Maryland state and local government offices to close Friday for Juneteenth

Maryland state government offices and many local government agencies will be closed Friday to observe the new Juneteenth National Independence Day.

The announcement comes after the U.S Congress passed a law this week designating June 19 as a federal holiday that commemorates the end of slavery in the United States. President Joe Biden signed the bill into law Thursday afternoon.


Whenever a federal holiday falls on a Saturday — as the first national Juneteenth holiday will this weekend — the state of Maryland observes it on a Friday.

“Maryland is proud to support this legislation, and observe this new national holiday,” said Gov. Larry Hogan, a Republican, in a statement.


Under state law, Hogan already was required to issue a proclamation for Juneteenth, but the state was not required to close offices or give state employees a day off.

Many local governments will be closed as well for the holiday, including Baltimore City. Some local governments already had declared Juneteenth a holiday, including Anne Arundel County and Howard County.

Howard County announced that while offices will be closed Friday, recycling and trash collection will go forward.

Baltimore County also will close offices but will collect trash and recycling at the curbside and at drop-off centers, as well as offer coronavirus tests and vaccinations and operate parking garages and parking meters as usual.

Anne Arundel County’s government offices will be closed, along with the county landfill and recycling centers. But trash and recycling pickup will operate on a normal schedule Friday.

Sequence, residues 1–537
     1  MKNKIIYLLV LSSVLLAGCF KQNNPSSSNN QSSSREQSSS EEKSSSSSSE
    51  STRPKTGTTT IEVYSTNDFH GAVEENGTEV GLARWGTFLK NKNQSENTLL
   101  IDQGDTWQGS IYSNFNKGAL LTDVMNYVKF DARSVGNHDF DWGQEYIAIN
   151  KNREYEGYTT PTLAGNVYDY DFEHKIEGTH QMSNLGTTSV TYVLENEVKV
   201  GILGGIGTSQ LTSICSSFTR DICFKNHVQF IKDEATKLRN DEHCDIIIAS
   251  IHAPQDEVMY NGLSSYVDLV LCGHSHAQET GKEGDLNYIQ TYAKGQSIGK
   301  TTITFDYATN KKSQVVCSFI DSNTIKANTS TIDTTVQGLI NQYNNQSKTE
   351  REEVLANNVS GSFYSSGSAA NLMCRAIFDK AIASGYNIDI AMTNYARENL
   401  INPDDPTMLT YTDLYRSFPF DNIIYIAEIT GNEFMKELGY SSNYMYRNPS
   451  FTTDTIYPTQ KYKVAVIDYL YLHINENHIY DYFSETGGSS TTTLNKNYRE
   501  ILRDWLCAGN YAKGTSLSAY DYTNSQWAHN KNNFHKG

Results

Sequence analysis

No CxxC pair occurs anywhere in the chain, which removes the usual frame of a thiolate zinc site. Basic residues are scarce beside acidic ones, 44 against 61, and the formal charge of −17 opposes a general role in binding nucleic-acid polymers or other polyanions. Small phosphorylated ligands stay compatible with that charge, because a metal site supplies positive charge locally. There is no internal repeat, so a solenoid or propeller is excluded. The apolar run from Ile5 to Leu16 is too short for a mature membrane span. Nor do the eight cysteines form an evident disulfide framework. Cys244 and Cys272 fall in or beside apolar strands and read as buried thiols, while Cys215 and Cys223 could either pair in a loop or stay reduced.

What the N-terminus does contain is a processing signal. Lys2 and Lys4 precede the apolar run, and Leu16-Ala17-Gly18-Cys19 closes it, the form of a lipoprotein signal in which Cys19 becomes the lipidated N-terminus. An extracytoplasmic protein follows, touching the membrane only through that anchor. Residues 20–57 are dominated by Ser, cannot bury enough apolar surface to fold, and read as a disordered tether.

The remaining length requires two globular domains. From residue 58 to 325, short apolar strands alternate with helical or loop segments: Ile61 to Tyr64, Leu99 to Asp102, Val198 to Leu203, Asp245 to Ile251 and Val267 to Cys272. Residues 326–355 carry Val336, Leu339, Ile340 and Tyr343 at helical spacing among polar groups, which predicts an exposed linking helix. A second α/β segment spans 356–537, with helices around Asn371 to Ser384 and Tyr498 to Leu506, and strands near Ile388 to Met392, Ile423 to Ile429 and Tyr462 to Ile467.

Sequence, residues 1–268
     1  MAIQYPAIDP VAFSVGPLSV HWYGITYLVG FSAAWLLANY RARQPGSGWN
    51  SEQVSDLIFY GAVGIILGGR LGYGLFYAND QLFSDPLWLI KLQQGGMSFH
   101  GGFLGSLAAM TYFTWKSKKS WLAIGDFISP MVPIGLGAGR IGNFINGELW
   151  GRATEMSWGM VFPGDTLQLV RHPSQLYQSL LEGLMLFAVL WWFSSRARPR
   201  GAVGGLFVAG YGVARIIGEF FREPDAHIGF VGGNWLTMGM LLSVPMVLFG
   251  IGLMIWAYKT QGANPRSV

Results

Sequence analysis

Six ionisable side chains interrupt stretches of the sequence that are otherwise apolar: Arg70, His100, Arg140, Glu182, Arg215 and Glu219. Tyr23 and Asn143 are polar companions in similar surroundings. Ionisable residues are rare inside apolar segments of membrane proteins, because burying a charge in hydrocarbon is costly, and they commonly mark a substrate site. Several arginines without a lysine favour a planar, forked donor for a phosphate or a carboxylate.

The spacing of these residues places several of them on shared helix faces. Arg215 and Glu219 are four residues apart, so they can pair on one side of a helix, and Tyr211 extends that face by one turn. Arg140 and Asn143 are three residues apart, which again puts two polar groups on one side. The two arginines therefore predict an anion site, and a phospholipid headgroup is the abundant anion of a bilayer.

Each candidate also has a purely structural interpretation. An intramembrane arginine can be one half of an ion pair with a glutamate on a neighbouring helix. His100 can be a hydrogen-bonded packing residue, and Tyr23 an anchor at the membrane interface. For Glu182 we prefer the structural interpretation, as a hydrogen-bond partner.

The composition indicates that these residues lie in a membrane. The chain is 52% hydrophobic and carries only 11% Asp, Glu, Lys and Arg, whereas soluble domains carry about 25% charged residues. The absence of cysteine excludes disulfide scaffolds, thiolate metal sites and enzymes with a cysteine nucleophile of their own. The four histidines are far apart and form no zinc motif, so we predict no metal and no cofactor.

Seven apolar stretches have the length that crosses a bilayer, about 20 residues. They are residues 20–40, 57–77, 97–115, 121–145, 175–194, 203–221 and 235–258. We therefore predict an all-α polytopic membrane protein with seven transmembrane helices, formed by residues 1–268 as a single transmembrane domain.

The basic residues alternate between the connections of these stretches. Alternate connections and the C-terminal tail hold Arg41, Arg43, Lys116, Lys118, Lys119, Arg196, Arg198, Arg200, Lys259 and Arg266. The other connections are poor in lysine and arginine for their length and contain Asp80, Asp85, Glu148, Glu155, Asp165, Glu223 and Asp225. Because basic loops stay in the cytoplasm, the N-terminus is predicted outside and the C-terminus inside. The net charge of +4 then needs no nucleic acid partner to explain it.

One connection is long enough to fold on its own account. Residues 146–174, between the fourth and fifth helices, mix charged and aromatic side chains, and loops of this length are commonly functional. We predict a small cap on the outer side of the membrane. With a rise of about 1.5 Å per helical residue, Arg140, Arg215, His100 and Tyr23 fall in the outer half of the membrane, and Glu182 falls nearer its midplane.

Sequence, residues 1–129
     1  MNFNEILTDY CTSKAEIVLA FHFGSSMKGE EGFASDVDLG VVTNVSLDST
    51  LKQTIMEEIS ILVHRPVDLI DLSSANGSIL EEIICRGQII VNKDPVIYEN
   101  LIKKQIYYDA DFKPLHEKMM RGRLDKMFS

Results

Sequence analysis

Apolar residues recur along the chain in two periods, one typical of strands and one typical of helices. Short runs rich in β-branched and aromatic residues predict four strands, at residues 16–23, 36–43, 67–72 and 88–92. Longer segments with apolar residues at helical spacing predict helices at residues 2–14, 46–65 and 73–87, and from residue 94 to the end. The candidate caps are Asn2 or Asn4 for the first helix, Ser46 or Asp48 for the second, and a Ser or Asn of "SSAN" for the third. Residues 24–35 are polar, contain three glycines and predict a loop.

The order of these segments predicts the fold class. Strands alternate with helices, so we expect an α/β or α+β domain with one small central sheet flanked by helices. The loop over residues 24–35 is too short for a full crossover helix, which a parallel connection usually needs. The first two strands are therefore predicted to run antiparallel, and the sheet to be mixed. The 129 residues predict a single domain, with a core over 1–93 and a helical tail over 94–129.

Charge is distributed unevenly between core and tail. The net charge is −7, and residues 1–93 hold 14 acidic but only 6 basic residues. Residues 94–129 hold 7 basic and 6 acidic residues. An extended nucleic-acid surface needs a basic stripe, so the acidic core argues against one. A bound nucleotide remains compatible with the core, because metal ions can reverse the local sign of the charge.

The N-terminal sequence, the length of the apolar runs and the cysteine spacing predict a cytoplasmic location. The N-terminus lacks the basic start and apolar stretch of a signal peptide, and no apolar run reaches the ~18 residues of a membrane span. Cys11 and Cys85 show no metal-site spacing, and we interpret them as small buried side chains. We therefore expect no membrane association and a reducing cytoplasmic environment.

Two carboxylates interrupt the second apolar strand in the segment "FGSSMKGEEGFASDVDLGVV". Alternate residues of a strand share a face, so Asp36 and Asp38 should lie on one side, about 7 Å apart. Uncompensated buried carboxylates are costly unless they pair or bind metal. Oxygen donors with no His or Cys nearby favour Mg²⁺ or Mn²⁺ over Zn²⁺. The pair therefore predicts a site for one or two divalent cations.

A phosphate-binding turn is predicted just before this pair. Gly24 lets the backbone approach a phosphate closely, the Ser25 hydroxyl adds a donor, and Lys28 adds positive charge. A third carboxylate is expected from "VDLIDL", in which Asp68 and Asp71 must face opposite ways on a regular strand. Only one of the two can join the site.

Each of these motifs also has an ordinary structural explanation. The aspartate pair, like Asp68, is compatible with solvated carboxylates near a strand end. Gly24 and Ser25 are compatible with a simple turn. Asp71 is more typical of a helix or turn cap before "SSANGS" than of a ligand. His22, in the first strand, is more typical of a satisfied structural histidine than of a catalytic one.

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Harford County government’s offices will be open Friday, according to a spokesperson, although County Executive Barry Glassman plans to close for Juneteenth next year.

”There wasn’t enough time to notify the general public and those who had business planned with the county that we would be closed,” Cindy Mumby, a spokesperson for the administration, said Thursday afternoon.

Maryland courts will be closed Friday, though court commissioners’ offices will be open.


Following the abolition of slavery in the United States, it took time for word to travel to people who were enslaved and for them to be freed. Juneteenth marks when the news finally reached people who were enslaved in Galveston, Texas, on June 19, 1865 — two months after Confederate soldiers surrendered in the Civil War and more than two years after President Abraham Lincoln’s Emancipation Proclamation.

Even before becoming an official government-sanctioned holiday, Juneteenth has been celebrated for years. Events are planned throughout Maryland this weekend, including a community celebration in Reservoir Hill, a music festival in East Towson and a parade in Annapolis.

Before Congress acted, Maryland lawmakers considered making Juneteenth a state holiday. A bill creating the holiday passed the Maryland House of Delegates, 112-24 in March. All 24 votes against came from Republicans. The Juneteenth bill did not receive a vote in the state Senate.

Baltimore Sun Media editor Wayne Carter contributed to this article.